In its latest series, “The Dawn of the New Decade”, the American Chamber of Commerce in Hungary looks into the most important events and trends shaping the global and regional economy and geopolitics at the beginning of 2020s. At the first event, on March 4, Iain Lindsay, British Ambassador to Hungary, gave an economic overview of possible trade agreements after Brexit.
Following a brief overview of what has happened since the United Kingdom decided to leave the European Union, Lindsay talked about what to expect during the transition period as well as the type of new relationships Britain is expecting to have with other countries after the split.
The ambassador stressed that the U.K. withdrawal agreement provides citizens with the certainty that their rights will be guaranteed going forward. Until the end of this year, Britain remains a de facto member of the European Union, and all four freedoms, including the freedom of movement and labor, will continue to apply for that period.
“It means that if you choose to go the United Kingdom on New Year’s Eve this year, your rights are guaranteed from that point on. If, however, you miss your flight or you don’t go till the first of January of next year, you’ll be subject to a new immigration system, which is not based on geography, where you come from, but will be based on your skills, your experience, your language and abilities,” Lindsay said.
This also means that the 100,000-150,000 Hungarians currently living in Britain do not have to leave.
Nevertheless, all business should be preparing for the future. There will be additional requirements for EU businesses who export goods to the United Kingdom, including making customs declarations, he explained.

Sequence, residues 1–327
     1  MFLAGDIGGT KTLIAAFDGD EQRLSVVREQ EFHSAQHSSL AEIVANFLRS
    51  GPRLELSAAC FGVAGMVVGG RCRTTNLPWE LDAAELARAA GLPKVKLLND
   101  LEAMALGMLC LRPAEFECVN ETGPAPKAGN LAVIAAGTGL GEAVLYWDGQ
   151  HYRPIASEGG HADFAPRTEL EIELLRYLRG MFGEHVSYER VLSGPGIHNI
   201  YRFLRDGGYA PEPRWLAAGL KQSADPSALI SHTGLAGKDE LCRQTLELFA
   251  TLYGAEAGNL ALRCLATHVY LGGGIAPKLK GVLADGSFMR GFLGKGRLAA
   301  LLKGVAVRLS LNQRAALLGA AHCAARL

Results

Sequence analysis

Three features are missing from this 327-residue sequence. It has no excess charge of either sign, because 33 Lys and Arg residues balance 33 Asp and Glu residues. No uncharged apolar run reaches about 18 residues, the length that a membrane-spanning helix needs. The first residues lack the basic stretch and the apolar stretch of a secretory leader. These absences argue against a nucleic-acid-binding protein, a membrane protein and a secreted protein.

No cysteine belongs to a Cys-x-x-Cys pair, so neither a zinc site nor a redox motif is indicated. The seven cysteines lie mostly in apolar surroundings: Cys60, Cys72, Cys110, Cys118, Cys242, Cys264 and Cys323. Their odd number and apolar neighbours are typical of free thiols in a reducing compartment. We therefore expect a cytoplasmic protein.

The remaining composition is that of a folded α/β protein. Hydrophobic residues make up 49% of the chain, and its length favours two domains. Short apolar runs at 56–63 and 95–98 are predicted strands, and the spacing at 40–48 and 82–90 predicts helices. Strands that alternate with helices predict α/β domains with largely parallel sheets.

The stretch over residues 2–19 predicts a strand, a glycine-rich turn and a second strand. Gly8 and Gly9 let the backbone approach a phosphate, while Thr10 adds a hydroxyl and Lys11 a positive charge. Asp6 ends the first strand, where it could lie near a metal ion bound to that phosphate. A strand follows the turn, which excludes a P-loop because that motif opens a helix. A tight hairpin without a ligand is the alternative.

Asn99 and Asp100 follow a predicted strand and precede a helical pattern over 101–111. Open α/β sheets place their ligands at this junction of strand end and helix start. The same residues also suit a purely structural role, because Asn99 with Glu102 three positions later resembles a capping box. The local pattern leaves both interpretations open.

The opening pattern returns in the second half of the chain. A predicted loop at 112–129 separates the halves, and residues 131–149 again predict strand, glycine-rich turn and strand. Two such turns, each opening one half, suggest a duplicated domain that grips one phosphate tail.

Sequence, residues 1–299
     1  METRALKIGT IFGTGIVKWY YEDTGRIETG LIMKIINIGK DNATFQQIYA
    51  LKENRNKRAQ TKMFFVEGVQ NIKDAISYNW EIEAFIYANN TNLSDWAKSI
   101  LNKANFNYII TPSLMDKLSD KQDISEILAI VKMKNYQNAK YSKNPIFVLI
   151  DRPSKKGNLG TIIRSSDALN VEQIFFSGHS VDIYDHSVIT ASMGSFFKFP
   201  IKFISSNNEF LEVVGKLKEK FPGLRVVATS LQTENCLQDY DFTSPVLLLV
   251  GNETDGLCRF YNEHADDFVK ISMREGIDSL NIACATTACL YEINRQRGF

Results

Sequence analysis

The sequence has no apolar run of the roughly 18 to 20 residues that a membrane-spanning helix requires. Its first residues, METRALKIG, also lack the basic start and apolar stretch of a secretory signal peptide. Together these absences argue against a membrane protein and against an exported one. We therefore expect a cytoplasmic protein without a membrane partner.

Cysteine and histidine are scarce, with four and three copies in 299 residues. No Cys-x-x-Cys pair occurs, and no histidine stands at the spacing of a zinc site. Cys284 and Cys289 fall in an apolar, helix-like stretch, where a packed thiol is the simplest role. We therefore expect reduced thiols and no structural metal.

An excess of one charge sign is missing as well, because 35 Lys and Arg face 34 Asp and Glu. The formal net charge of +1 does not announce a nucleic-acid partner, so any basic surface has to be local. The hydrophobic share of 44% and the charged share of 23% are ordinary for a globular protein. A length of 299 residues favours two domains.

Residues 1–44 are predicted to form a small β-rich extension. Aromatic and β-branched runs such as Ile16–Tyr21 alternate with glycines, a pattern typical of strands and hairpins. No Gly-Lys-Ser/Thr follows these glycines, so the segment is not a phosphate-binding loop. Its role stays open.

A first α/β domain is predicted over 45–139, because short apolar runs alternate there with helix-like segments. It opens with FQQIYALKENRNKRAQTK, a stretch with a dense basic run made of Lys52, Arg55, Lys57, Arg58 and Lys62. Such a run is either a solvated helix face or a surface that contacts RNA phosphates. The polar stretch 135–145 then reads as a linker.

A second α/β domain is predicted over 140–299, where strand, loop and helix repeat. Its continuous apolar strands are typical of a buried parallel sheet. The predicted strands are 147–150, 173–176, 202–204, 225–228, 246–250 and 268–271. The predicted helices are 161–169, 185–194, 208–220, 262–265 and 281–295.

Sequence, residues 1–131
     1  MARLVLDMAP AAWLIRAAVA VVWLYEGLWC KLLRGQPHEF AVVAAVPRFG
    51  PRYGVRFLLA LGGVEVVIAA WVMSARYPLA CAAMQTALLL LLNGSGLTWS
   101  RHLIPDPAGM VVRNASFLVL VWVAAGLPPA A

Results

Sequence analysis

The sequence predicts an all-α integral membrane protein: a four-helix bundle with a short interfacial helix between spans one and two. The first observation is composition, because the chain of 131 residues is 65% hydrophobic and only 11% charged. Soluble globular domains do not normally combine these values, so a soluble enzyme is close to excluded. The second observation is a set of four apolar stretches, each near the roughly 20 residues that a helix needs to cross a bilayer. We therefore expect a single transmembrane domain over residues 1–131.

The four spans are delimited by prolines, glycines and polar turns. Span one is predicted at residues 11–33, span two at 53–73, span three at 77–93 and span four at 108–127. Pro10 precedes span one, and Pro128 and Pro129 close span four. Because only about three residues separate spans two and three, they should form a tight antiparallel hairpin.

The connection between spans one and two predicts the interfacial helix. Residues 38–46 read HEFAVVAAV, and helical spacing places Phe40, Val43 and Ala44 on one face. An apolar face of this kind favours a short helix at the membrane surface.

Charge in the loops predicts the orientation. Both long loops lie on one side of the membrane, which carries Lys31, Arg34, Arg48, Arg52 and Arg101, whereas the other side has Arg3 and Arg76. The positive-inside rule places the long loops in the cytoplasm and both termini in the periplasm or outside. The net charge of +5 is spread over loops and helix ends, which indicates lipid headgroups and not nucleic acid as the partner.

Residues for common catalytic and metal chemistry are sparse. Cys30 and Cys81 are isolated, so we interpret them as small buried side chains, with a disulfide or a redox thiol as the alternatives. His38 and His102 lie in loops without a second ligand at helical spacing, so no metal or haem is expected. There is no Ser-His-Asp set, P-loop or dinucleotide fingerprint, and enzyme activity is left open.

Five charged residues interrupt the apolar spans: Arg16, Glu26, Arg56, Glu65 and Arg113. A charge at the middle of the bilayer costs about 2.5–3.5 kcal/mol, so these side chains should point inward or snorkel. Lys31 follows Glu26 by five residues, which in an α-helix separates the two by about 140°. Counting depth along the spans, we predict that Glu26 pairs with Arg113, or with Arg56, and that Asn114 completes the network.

Turning closer to home, the ambassador spoke about what Brexit means for the U.K.-Hungary relationship. The two countries have very strong links, particularly people to people at all levels, he said. Britain now has the largest Hungarian born population outside the Carpathian Basin, and is the third most popular destination for Hungarian students studying overseas.
Some 1,500 Hungarian high school students will be traveling to the United Kingdom this summer for English language training. The country is also the biggest source of foreign tourists for Budapest. There are more flights to and from London than to any other city.
“When I think about the bilateral relations with Hungary, I think about the long history of friendship and cooperation since 1989, the mutual respect,” Lindsay said.
“Following our referendum in 2016, Hungary was the first EU member state to call for a fair settlement. And it would be fair to say that no other European member state has been as sympathetic, understanding, supportive, positive, constructive or respectful as Hungary has been and for that we are very grateful.”
Britain’s changing relationship with the EU also offers an opportunity to strengthen bilateral relationships within Europe. “We must not miss this opportunity to build a stronger, broader and deeper relationship between the U.K. and Hungary,” the ambassador said.